I do love a good photo challenge. A few years ago, I turned a gratitude challenge into a photographic one; I spent the next summer hunting down instagrammable walls in Edmonton; and, I currently have an ongoing challenge to sit in a Red Chair in every one of Canada's national parks/historic sites before I die--with picture proof, of course.

My first photo challenge was a 365 project where I captured a photo of myself every single day for one year. As soon as that one was complete, I set myself up for a second 365 challenge--a photo each day straight off the camera (SOTC); no post-processing of any kind. However, 30 days in, I was struggling to keep up the creative juices. While the first 365 project was essentially photo documentation of my daily life, my Straight Off The Camera challenge was more about being able to work a subject or composition. But, you know what? Some days I just don't feel like taking photos. I doubt even professional photographers take photos every single day.

So I re-wrote the challenge. Still 365 un-processed images... with an open time line.

And so here we are.

That project started on September 1, 2012, and concluded July 27, 2020. The 365 project that took 2887 days.

I have to admit, I'm not sure if this challenge resulted in me creating more un-processed final images or not. As my photography has evolved, so has my "vision" for some of the images I compose--sometimes I create compositions that I fully intend to run through Photoshop before I even click the shutter.

However, my first love is capturing this big, beautiful world "as is"--there is a strong element of realism in my photography, and so I know my satisfaction with getting the shot I want fully in-camera has certainly increased, because sometimes the elements are against me! In this project, occasionally I got one on the first try. Other times, it took upwards of 20 shots to get the one I wanted. I also put concerted effort into capturing a variety of compositions to stretch my comfort zone.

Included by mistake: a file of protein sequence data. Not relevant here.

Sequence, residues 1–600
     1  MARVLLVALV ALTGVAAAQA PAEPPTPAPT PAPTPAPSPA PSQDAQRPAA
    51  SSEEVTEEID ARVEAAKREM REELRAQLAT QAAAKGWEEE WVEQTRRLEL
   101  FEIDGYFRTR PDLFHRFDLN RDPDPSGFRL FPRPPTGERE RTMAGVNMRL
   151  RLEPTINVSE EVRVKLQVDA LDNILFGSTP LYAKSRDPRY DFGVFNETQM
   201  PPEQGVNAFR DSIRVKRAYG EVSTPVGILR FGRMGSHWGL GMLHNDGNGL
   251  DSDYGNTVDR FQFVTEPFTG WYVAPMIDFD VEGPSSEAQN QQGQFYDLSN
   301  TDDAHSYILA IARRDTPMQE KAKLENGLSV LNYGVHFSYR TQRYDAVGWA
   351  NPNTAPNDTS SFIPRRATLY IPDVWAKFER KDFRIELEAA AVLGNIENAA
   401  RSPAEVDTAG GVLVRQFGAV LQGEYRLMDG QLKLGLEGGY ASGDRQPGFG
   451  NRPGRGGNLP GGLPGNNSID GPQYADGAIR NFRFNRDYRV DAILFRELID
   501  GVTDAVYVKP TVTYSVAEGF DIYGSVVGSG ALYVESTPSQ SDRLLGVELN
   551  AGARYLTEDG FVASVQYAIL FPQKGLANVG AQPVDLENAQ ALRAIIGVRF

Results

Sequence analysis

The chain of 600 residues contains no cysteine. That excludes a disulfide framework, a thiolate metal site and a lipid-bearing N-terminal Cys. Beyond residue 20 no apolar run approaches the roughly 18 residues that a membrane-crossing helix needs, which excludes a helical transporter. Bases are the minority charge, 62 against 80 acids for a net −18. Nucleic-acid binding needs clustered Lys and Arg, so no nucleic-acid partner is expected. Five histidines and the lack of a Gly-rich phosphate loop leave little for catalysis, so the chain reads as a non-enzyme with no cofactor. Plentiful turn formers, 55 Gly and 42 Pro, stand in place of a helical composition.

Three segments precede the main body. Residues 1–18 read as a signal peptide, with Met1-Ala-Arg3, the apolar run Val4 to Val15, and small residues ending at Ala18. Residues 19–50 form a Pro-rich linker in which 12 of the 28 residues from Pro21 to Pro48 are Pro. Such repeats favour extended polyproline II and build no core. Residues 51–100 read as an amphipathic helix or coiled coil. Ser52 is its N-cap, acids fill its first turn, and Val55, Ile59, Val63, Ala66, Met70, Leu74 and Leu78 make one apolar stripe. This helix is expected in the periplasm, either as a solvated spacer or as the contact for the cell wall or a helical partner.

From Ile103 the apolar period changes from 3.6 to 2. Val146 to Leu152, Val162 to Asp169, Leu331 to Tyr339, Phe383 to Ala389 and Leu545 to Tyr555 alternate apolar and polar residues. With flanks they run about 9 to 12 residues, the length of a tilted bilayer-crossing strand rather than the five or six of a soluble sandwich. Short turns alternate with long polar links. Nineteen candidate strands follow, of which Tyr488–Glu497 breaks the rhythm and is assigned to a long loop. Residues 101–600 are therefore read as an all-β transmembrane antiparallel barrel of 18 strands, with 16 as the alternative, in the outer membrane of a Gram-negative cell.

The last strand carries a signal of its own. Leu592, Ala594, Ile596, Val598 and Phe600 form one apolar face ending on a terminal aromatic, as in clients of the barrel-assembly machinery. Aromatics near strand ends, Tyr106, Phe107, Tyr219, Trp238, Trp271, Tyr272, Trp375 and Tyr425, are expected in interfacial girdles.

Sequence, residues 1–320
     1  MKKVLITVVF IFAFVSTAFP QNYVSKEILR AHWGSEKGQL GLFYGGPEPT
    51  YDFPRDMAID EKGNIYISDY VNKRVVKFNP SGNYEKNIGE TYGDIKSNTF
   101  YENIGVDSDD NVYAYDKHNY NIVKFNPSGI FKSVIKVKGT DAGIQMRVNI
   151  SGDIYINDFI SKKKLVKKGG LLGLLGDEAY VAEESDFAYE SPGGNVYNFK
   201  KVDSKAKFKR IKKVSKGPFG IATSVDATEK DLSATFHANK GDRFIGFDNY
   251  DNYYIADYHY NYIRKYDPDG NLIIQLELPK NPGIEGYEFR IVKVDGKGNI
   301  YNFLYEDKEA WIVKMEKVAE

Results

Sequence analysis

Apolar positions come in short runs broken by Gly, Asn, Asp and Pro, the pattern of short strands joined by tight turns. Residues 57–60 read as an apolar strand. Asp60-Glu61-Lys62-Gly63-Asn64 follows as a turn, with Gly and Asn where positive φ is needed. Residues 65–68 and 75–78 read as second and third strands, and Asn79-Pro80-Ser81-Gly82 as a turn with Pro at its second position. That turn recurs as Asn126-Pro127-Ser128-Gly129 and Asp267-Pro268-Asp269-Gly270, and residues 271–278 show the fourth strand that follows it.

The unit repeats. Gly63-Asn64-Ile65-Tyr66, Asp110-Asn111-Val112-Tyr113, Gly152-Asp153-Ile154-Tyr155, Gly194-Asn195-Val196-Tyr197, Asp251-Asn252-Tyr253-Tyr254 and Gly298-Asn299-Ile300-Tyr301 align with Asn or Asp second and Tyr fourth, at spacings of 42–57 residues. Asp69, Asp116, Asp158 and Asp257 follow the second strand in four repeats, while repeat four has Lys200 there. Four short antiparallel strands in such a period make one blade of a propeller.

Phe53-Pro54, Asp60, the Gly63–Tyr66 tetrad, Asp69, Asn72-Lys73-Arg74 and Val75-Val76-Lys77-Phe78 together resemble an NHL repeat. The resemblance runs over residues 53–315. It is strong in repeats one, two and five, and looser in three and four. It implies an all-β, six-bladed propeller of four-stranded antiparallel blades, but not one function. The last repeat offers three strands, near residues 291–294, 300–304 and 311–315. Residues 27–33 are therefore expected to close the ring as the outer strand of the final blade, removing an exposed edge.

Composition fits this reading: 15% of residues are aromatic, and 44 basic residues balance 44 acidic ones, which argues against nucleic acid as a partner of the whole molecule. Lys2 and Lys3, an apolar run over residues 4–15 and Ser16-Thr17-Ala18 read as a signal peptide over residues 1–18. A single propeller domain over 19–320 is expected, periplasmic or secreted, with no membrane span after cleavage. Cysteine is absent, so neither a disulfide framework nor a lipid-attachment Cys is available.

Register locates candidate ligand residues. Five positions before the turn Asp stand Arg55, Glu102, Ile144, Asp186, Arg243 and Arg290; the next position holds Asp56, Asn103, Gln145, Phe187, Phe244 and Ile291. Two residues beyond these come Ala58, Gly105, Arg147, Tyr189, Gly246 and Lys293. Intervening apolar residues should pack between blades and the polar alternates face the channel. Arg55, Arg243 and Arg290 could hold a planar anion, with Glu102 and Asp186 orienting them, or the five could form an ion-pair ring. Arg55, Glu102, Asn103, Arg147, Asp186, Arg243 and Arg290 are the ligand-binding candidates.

My creative drive has taken a bit of a hit with the pandemic this year; as for so many people, my mind has often just been elsewhere. Nevertheless, I know that photography soothes my soul, and my camera is never far from my side. While I will be spending time this winter learning more about post-processing, there's nothing quite like getting it "right" in-camera. I know I will continue to stretch my compositional skills as much behind the lens as in front of the screen.



P.S. I am blogging less these days... the best way to keep up with my fine art photography is by following me on Instagram: @photosbygina.yeg.













* It also completed the life span of my camera, the shutter mechanism of which started failing minutes after this image was taken. Many digital cameras like mine have an average "mileage" of 100,000 shutter clicks. In seven years with that camera, I'm sure I reached or exceeded that. It is costly to repair the shutter when compared to the cost of a new camera body, so I upgraded to a similar but newer model. RIP Canon 70D.

Thursday, July 16, 2020

Wednesday, July 1, 2020

SOTC 362/365

If I can't go to the Red Chairs this year, I'll bring the red chairs to me!

Canada at Home (SOTC 362/365)

Saturday, June 27, 2020

Monday, June 15, 2020

Monday, June 1, 2020

Sunday, May 24, 2020

SOTC 358/365*

Bright in Bloom (SOTC 358/365)




*omg, you guys, only a "week" left in this project! It's taken years!